IMDb > Who Was That Lady? (1960)
Who Was That Lady?
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Who Was That Lady? (1960) More at IMDbPro »

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Down 7% in popularity this week. See why on IMDbPro.
Norman Krasna (play)
Norman Krasna (written by)
View company contact information for Who Was That Lady? on IMDbPro.
Release Date:
8 April 1960 (Finland) See more »
A light-hearted leer at love among the adults! (poster)
In order to get back into the good graces with his wife with whom he has had a misunderstanding, a young... See more » | Add synopsis »
Plot Keywords:
Nominated for 2 Golden Globes. Another 2 nominations See more »
User Reviews:
WHO WAS THAT LADY? (George Sidney, 1960) *** See more (16 total) »


  (in credits order)

Tony Curtis ... David Wilson

Dean Martin ... Michael Haney

Janet Leigh ... Ann Wilson

James Whitmore ... Harry Powell

John McIntire ... Bob Doyle

Barbara Nichols ... Gloria Coogle

Larry Keating ... Parker

Larry Storch ... Orenov

Simon Oakland ... Belka

Joi Lansing ... Florence Coogle
Barbara Hines ... Foreign Exchange Student
Marion Javits ... Miss Mellish
Mike Lane ... Glinka (as Michael Lane)
rest of cast listed alphabetically:
Pamela Curran
Peter Weck ... Singer in German Version
Mark Allen ... Joe Bendix (uncredited)

Jack Benny ... Mr. Cosgrove (uncredited)
Larry J. Blake ... Tenant (uncredited)
William Boyett ... Howard (uncredited)
Wally Brown ... Irate Man on Telephone (uncredited)

Alan Carney ... Building Superintendent (uncredited)
Art Gilmore ... Television Announcer (uncredited)

Joe Gray ... Undetermined Role (uncredited)
Ron Hayes ... F.B.I. Man (uncredited)
William Newell ... Schultz (uncredited)
William H. O'Brien ... Passenger Exiting Elevator (uncredited)

'Snub' Pollard ... Tattoo Artist (uncredited)
Frank J. Scannell ... Tenant (uncredited)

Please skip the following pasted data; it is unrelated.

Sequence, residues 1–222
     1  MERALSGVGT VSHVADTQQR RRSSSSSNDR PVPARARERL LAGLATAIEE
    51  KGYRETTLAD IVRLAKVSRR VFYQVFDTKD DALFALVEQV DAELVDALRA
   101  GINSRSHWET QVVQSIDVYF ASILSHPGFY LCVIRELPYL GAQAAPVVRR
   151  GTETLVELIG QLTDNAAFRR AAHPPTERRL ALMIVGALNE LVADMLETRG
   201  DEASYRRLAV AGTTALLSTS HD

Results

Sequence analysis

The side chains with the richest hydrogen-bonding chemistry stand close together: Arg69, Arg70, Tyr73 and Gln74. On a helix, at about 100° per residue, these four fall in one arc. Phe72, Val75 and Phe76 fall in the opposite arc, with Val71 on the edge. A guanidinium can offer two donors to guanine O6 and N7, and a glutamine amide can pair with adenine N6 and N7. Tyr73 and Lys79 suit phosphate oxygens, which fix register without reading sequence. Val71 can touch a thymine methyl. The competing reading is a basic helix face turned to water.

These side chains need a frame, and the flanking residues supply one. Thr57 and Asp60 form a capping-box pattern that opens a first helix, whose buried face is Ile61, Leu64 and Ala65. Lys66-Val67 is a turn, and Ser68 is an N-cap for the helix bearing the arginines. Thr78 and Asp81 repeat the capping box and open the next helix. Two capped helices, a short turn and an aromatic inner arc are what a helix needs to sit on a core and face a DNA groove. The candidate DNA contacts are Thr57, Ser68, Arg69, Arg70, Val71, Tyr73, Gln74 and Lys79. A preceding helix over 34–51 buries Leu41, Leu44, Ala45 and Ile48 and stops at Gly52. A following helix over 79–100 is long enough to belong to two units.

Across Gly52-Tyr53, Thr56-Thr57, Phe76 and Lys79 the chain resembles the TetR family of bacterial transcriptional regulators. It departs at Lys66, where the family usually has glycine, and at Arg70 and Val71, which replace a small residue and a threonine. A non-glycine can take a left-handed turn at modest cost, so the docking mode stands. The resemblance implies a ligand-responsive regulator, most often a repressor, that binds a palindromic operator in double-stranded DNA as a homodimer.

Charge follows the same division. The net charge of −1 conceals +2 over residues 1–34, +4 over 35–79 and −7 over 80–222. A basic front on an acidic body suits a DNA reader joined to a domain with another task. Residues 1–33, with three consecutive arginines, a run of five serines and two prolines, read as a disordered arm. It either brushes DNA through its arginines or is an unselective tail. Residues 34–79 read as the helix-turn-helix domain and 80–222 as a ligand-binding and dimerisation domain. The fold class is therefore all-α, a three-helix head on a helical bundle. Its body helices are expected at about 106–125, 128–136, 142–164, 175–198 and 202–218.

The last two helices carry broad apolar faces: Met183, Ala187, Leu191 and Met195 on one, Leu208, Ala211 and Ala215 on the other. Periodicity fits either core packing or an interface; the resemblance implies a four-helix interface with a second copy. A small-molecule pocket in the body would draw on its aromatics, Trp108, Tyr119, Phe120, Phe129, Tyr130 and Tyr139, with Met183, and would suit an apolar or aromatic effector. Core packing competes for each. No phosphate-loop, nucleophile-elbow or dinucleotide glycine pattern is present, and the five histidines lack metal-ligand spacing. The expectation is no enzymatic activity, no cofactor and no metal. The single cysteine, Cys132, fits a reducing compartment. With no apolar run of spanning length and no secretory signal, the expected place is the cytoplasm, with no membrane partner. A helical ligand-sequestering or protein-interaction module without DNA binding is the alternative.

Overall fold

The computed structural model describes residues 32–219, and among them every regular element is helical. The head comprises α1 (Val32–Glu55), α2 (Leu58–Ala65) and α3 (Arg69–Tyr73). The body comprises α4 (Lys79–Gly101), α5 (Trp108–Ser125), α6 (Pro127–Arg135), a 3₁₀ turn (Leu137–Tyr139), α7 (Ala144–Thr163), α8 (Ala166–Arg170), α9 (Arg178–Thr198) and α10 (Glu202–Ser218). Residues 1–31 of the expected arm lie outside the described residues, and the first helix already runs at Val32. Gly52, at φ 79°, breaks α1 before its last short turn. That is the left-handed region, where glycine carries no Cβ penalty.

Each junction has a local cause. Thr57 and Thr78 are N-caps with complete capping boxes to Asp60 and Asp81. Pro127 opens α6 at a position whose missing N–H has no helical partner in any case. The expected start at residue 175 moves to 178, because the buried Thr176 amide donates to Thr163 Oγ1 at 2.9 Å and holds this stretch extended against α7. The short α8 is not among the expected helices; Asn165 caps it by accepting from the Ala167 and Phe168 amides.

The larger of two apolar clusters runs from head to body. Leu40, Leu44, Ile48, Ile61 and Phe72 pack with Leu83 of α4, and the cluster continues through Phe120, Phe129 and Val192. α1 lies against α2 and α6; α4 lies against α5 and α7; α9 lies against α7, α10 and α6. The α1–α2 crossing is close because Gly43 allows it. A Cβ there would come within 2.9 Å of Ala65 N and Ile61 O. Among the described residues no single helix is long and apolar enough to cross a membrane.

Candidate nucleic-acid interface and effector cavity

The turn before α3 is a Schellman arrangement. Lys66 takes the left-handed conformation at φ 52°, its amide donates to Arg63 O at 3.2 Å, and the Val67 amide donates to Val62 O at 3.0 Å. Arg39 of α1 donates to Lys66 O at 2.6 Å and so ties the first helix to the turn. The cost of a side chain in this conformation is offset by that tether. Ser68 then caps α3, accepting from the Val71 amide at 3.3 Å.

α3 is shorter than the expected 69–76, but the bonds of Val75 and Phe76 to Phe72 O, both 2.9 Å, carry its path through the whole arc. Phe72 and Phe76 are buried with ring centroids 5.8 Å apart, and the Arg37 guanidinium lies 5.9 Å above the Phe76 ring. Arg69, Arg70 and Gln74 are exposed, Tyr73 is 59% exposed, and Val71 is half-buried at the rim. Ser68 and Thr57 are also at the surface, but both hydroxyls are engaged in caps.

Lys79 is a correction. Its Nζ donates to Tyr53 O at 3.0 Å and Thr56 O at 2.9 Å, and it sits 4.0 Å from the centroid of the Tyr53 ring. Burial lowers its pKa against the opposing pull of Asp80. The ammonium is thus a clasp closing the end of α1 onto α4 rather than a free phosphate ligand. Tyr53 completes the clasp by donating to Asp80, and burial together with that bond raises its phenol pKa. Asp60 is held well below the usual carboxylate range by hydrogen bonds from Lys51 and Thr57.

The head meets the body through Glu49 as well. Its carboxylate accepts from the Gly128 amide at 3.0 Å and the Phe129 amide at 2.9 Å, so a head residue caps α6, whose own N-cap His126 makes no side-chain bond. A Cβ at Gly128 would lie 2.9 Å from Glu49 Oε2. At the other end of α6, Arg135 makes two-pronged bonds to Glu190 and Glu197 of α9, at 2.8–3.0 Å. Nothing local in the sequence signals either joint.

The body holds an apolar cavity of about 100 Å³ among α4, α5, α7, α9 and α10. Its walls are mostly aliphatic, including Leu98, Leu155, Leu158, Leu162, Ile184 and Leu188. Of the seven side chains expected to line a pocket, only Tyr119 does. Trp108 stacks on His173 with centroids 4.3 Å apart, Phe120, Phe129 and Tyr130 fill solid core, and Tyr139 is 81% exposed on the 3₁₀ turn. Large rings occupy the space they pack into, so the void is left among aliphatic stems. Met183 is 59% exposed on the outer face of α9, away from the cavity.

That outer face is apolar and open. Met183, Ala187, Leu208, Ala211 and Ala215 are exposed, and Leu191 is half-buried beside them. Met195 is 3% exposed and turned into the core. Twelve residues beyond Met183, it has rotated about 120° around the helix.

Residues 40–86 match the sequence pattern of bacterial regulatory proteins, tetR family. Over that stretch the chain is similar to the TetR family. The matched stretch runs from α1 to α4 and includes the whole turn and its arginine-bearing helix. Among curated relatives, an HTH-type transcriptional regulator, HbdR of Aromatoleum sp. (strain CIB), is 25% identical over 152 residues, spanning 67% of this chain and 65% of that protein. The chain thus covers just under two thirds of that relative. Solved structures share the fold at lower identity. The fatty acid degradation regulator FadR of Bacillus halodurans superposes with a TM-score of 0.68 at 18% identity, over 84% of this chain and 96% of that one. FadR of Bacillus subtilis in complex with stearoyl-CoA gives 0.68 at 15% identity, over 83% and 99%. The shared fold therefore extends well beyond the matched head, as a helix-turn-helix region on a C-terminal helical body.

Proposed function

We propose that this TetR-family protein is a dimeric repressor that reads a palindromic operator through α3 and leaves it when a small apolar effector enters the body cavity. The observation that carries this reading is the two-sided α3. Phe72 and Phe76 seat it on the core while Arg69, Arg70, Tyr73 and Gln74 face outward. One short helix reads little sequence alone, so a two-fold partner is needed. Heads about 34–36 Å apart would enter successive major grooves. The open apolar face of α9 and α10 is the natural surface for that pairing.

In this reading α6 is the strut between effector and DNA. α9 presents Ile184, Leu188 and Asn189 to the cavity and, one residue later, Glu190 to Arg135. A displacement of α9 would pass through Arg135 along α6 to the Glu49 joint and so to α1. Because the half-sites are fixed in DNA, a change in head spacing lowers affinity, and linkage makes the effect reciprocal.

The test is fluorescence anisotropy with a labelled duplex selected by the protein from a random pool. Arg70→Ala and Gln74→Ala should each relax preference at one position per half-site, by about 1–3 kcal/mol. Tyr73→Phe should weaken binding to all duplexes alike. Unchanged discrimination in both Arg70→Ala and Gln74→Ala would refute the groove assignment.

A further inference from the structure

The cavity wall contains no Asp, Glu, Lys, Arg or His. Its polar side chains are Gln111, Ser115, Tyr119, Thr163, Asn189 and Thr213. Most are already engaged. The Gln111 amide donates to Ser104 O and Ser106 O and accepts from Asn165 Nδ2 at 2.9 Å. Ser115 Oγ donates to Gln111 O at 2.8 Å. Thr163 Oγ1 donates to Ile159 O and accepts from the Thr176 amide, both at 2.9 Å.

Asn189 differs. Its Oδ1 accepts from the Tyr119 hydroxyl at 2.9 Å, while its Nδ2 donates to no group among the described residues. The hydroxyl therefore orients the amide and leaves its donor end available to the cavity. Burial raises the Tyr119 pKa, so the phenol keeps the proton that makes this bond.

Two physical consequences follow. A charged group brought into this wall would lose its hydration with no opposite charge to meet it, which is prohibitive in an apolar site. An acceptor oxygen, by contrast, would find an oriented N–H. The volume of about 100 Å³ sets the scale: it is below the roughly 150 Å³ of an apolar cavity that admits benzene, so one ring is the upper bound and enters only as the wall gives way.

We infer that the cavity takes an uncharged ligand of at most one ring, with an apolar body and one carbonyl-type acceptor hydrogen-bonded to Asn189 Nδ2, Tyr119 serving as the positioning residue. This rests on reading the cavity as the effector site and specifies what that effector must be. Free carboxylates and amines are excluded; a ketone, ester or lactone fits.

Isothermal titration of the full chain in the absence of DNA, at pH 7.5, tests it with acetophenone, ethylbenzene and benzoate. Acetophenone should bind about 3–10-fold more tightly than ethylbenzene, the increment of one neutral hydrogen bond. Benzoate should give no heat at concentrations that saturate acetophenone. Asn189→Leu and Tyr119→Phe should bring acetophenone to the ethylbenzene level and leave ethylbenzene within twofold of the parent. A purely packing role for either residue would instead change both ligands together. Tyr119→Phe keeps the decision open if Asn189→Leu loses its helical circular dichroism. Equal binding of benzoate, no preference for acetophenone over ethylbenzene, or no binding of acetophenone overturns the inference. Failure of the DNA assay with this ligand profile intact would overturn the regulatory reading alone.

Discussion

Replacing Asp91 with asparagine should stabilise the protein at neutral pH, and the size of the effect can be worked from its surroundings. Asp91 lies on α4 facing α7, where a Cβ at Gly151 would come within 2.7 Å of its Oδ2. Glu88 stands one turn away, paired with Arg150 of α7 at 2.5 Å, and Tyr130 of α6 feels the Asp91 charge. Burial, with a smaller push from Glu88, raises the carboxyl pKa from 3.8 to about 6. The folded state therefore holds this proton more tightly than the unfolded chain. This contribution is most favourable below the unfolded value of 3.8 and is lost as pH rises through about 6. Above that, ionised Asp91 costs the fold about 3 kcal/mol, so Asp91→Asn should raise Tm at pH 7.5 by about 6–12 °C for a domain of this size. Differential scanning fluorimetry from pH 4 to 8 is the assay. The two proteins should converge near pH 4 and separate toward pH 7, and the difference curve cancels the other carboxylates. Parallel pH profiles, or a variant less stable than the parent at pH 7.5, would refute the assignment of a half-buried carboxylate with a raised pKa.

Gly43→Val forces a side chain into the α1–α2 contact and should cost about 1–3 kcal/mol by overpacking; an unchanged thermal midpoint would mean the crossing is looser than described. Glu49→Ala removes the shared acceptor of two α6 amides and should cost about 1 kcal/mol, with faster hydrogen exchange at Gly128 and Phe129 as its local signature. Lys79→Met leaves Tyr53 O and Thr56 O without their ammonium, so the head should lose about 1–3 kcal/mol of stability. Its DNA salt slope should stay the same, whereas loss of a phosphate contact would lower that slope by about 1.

Emil Sitka ... Man with Flower Pot (uncredited)
Rudy Solari ... FBI Man at Empire State Building (uncredited)
Larri Thomas ... Girl (uncredited)
Peter M. Thompson ... F.B.I. Man (uncredited)

Dyanne Thorne ... Bit Role (uncredited)
Kam Tong ... Lee Wong (uncredited)
Arthur Tovey ... Guard Exiting Elevator (uncredited)
John Ward ... Gibson (uncredited)

Directed by
George Sidney 
Writing credits
Norman Krasna (play "Who Was That Lady I Saw You With?")

Norman Krasna (written by)

Produced by
Norman Krasna .... producer
Original Music by
André Previn  (as Andre Previn)
Cinematography by
Harry Stradling Sr. (director of photography) (as Harry Stradling)
Film Editing by
Viola Lawrence 
Art Direction by
Ted Haworth  (as Edward Hayworth)
Set Decoration by
James Crowe  (as James M. Crowe)
Costume Design by
Jean Louis (gowns)
Makeup Department
Larry Germain .... hair stylist: Miss Leigh
Helen Hunt .... hair stylist
Ben Lane .... makeup supervisor
Second Unit Director or Assistant Director
David Silver .... assistant director
Sound Department
James Z. Flaster .... sound (as James Flaster)
Charles J. Rice .... recording supervisor
Bob Herron .... stunts (uncredited)
Music Department
Alexander Courage .... orchestrator (uncredited)
Shelley Manne .... musician: drums (uncredited)
Red Mitchell .... musician: bass (uncredited)
Other crew
Leland Hayward .... stage producer: New York

Production CompaniesDistributors

Additional Details

Also Known As:
115 min
Aspect Ratio:
1.85 : 1 See more »
Sound Mix:
Mono (RCA Sound Recording)
Argentina:Atp | Finland:S | Sweden:11 | UK:U | USA:Approved (PCA #19460) | West Germany:12 (original rating)